A bacillus was found associated in pure culture with an extensive lobar bronchopneumonia in calves. It occurs in the exudate as a minute bacillus in small groups. In cultures it appears in three forms: as a bacillus, as a coccus-like endospore or arthrospore, and as a conglomerate Actinomyces-like flake or colony with peripheral clubs. The bacillar and coccoid forms occur on agar, the Actinomyces form in the condensation water of coagulated serum (horse). The coccoid form is probably a spore state, the minute refringent spore being contained in a roundish, unstainable mass representing either the remnants of bacillar substance or some capsular material. The somewhat striking similarities between this organism and Actinomyces are expressed by the massed growth with terminal clubs, the bacillar and coccoid stages, all of which are characteristic of Actinomyces.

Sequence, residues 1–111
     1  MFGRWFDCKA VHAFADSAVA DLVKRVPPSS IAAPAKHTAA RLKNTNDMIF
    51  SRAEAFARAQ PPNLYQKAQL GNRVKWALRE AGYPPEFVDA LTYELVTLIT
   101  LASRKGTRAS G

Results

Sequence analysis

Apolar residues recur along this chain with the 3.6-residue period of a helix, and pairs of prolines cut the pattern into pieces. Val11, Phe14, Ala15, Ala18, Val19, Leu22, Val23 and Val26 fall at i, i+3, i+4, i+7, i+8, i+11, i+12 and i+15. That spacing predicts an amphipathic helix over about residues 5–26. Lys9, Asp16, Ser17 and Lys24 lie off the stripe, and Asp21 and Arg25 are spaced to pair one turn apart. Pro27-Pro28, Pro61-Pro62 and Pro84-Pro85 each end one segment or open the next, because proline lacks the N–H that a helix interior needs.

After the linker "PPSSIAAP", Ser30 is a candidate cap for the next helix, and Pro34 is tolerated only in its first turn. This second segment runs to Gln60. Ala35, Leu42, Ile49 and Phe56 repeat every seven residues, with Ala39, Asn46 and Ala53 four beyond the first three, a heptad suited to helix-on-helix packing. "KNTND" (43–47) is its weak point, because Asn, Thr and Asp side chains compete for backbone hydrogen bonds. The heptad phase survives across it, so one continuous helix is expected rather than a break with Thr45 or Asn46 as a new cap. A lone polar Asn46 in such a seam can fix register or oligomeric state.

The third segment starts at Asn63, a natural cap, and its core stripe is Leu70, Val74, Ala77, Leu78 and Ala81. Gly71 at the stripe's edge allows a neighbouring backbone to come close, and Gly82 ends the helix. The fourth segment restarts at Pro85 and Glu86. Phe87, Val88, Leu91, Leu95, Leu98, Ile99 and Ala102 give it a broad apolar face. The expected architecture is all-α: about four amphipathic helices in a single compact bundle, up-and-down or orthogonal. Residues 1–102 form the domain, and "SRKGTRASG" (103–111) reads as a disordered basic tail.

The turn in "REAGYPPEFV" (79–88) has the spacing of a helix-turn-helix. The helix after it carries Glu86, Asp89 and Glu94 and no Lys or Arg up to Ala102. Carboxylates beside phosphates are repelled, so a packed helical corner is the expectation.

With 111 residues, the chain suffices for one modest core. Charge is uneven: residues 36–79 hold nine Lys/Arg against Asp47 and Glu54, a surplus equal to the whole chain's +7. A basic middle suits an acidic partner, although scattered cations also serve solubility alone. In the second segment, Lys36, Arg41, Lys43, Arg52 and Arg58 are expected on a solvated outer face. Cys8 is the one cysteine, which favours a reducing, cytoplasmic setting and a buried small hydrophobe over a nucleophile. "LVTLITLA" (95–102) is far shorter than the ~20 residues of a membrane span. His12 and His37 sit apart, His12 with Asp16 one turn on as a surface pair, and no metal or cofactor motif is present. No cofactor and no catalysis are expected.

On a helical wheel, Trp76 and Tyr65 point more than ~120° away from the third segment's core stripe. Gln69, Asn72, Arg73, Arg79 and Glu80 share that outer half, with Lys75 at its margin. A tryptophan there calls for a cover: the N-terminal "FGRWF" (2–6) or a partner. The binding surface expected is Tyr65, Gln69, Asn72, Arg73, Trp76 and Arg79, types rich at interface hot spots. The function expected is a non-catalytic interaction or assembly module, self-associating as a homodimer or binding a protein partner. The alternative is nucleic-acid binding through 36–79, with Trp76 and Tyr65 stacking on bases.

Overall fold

Sealing the tubes is essential for multiplication. Cultures must be renewed within a few days, otherwise multiplication fails. The substance which forms the bulk of the radiate flocculi is probably of capsular nature, greatly overproduced in serum tubes and scarce or absent on agar. Its nature is unknown.
The organism is not appreciably pathogenic when injected into certain small laboratory animals.